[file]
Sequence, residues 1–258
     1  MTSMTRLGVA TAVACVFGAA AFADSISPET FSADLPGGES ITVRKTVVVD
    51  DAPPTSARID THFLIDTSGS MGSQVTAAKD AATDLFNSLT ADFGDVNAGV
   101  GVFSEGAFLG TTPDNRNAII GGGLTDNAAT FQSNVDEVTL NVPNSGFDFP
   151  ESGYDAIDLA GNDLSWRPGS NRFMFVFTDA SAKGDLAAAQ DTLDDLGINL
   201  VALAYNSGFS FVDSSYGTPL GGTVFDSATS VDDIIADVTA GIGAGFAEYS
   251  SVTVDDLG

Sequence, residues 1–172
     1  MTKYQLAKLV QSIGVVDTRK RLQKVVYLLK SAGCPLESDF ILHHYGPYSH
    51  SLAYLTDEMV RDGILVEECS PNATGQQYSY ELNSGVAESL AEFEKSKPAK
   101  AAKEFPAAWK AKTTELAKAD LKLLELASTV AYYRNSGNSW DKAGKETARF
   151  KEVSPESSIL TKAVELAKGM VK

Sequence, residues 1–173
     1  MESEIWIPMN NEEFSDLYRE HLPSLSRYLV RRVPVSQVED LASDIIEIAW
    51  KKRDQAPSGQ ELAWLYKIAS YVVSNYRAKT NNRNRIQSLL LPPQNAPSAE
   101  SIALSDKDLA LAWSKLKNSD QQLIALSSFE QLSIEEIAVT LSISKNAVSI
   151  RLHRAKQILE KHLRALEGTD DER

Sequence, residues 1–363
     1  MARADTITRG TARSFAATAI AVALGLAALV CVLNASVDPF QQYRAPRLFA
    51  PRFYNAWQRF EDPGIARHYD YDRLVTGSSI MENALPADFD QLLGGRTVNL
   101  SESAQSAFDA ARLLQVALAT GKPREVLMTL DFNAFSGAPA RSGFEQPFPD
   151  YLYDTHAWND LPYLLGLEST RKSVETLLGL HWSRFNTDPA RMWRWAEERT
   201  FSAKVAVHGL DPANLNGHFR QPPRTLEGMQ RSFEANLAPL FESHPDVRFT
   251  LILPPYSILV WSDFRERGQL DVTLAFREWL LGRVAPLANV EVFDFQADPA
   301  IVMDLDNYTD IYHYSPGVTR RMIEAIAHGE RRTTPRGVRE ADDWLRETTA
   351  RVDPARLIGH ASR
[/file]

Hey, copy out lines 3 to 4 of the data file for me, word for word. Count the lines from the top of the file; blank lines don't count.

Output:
    51  DAPPTSARID THFLIDTSGS MGSQVTAAKD AATDLFNSLT ADFGDVNAGV
   101  GVFSEGAFLG TTPDNRNAII GGGLTDNAAT FQSNVDEVTL NVPNSGFDFP